To me, ethics is defining your moral directives, typically written as a list. They are practices and actions that are in the best interest of all parties involved. In a sense, they are common ideas that all decent human beings should share and believe in. These moral directives typically come from your personal beliefs.
In my experience, the politics involved within a school and in many business types can test the personal code of ethics of any school leaders. I was raised to hold strong to my beliefs and to not skew my moral compass for any reason. There is no doubt, there will be situations that test my personal code of ethics. There could be a situation where I choose between maintaining my personal code of ethics or get a written reprimand, or worse, fired. These could also be times where I risk a bad public view or strained relationships with colleagues, superiors, or the community in order to maintain my personal code of ethics.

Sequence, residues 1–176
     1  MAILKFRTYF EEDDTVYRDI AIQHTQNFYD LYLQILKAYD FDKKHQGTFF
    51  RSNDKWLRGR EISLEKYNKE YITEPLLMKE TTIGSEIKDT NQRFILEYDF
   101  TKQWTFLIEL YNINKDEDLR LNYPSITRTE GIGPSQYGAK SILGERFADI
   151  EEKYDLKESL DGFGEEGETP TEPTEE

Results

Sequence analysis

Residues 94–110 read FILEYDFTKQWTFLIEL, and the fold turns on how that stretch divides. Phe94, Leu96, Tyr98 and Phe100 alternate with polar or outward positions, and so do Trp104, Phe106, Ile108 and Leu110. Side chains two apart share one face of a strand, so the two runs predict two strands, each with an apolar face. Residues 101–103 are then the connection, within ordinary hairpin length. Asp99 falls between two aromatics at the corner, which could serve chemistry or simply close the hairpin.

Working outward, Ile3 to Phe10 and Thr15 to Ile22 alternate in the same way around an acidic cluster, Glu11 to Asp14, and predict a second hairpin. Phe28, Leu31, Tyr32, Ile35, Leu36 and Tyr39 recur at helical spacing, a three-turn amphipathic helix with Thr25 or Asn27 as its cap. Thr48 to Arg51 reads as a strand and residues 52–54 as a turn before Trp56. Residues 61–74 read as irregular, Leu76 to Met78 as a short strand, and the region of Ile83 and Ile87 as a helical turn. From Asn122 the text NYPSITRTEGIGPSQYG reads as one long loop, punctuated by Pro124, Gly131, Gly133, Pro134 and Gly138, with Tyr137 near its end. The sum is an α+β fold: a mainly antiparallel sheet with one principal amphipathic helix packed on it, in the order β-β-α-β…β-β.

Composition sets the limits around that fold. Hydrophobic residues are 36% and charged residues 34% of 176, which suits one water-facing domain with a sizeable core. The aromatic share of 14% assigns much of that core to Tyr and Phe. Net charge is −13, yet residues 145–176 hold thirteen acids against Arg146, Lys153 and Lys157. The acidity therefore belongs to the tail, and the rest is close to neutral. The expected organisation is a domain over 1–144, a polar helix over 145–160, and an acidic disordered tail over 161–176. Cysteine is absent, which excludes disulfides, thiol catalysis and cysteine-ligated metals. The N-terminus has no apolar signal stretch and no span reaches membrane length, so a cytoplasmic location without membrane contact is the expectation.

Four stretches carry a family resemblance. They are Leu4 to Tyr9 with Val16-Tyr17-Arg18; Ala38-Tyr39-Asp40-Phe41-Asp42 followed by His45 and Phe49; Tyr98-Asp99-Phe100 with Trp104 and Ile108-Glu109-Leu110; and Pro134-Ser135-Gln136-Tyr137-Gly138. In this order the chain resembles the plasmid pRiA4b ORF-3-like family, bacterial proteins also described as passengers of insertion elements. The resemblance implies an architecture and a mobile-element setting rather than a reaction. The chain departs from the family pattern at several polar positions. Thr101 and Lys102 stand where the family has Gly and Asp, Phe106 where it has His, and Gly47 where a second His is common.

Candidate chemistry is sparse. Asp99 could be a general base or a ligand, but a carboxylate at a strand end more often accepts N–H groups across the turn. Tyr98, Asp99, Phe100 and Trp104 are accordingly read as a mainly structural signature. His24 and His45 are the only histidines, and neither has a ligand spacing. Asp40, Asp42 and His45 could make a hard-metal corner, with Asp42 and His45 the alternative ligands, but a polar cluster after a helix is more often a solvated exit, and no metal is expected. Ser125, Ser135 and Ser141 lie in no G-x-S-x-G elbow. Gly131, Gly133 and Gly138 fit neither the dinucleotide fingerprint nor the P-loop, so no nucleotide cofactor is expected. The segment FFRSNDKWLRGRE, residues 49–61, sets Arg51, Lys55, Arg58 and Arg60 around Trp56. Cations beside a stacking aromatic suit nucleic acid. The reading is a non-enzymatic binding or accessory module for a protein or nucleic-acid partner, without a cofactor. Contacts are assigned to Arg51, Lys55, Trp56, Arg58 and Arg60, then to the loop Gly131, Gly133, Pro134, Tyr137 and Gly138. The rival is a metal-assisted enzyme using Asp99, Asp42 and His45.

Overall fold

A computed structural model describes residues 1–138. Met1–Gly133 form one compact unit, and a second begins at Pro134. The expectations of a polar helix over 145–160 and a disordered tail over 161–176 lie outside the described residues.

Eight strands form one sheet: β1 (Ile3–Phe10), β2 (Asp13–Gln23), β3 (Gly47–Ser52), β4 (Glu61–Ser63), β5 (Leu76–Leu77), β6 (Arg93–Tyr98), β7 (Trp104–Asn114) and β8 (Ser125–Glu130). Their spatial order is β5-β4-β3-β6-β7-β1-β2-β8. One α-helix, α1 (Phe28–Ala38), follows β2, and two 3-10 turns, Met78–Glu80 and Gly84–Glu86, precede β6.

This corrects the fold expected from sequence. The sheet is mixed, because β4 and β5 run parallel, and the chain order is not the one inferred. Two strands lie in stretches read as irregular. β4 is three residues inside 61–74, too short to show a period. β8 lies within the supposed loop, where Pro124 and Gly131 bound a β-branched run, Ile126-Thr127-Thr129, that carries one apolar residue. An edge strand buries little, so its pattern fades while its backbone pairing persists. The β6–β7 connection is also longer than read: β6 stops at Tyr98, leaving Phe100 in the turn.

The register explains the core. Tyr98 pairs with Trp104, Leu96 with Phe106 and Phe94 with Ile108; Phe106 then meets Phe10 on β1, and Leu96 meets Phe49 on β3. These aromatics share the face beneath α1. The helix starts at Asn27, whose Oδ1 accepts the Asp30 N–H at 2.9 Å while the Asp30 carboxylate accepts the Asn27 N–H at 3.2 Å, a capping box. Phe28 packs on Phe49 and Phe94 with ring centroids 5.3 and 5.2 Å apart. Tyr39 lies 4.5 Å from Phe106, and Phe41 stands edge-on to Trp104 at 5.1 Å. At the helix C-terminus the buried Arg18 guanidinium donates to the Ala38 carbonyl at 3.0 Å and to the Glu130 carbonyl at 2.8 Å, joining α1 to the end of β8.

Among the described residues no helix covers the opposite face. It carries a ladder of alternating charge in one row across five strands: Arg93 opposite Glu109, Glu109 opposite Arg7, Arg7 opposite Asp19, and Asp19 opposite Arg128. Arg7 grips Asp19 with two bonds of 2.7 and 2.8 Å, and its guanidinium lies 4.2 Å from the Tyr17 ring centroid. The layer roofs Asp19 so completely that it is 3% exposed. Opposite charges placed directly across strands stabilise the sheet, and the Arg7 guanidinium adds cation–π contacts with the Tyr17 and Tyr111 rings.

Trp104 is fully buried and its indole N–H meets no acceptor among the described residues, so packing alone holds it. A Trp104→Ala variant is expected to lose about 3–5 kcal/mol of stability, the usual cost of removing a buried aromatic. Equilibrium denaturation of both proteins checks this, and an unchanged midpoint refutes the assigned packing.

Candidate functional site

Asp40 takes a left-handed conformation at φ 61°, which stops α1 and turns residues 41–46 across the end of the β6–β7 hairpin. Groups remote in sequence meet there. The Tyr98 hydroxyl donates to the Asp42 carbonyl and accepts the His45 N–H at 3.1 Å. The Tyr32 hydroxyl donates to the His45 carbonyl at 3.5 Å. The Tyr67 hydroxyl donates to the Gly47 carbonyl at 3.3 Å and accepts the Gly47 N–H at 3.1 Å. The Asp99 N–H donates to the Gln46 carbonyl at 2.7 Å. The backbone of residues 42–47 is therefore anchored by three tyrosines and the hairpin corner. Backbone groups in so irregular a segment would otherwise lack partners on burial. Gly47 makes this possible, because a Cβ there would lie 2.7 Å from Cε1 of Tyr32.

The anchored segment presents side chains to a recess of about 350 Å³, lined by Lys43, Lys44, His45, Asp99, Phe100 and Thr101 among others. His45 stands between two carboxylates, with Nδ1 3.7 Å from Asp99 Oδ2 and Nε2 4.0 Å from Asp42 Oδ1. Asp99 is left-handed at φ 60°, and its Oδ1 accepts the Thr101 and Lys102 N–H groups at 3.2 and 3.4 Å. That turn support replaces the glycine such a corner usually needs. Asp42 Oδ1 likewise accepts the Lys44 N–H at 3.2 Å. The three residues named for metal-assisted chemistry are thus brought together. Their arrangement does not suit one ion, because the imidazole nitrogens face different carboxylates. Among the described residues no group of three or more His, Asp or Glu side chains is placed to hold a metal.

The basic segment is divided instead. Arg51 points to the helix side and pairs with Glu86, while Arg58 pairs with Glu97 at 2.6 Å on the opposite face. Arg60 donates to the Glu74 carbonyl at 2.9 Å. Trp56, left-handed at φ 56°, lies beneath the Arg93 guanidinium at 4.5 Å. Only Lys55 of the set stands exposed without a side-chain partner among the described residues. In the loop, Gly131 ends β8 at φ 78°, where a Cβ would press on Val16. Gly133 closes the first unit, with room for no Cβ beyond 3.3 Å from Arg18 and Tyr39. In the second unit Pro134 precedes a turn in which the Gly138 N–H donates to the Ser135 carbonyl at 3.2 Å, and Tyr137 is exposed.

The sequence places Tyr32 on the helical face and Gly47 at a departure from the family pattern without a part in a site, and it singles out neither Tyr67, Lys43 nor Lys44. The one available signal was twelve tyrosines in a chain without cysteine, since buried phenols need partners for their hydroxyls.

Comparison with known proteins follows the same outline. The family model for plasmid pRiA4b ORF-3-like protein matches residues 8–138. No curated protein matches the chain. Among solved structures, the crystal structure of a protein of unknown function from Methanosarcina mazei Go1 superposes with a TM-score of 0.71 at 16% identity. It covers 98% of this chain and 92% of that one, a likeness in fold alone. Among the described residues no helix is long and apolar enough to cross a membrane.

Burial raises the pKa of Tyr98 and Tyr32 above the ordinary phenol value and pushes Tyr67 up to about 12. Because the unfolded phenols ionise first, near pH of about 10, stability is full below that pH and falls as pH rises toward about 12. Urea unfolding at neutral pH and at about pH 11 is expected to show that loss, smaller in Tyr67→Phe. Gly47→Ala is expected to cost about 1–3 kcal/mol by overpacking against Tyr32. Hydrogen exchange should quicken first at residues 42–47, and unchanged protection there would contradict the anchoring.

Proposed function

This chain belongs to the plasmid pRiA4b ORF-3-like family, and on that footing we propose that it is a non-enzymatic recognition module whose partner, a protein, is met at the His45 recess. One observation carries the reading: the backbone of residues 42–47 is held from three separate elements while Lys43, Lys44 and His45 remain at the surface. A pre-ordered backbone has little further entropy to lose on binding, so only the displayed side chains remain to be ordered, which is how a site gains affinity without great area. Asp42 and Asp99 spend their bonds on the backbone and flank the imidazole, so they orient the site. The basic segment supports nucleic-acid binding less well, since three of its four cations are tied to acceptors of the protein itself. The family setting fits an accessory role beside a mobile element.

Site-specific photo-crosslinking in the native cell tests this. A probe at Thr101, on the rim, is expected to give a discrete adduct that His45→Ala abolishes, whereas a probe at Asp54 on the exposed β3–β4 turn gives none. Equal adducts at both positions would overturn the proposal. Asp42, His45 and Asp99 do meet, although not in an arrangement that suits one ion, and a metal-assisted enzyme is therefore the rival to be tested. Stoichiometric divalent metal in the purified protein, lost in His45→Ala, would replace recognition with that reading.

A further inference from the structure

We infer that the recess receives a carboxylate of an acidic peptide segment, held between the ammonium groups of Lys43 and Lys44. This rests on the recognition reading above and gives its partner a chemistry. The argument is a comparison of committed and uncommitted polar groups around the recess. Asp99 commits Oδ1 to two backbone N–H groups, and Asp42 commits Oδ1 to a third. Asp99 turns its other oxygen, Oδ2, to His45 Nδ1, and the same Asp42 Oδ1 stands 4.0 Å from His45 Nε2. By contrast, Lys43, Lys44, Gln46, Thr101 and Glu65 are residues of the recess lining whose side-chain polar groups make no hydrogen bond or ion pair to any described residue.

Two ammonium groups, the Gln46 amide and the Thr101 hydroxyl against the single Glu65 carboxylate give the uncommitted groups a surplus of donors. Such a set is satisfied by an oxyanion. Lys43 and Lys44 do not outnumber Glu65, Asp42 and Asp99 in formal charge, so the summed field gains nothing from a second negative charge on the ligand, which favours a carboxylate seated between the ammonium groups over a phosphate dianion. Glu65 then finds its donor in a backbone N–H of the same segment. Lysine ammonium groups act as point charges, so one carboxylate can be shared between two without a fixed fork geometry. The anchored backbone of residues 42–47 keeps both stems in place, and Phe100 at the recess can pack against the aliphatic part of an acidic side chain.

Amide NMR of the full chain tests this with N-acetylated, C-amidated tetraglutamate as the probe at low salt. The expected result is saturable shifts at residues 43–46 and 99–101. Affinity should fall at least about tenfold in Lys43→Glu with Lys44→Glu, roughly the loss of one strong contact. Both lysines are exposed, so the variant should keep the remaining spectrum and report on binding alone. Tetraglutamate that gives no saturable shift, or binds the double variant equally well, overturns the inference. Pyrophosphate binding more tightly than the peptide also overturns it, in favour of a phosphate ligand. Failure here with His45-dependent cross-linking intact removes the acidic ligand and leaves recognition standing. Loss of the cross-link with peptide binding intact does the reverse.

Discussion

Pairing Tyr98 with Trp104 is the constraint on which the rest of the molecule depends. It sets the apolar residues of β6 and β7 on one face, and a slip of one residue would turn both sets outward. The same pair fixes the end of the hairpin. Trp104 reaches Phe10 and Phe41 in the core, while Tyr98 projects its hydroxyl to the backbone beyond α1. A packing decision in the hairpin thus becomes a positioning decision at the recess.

My personal code of ethics will always be a driving force in my decision making as a school leader. I know I will not be able to function well if I continual compromise my morals. The most important aspect would be the fair treatment of all students and staff. It is undeniably critical to ensure the fair treatment of all. However, this is not always going to make my decisions popular, which means sticking to my ethics will be tested and important. Also, I firmly believe rules are rules. We must hold all staff and students to the expectations set for them. In decision making, I will always consider the rules set by the campus, district, and state. It would be unethical to waive a rule for one, but hold it strict for another. It hurts me when I see school leaders allow their friends to do whatever they want, while holding other teachers to a different standard. If a rule is set, it should be set for all individuals.
Everyone should be treated equal and fair from the lowest to the highest on the totem pole…simple as that.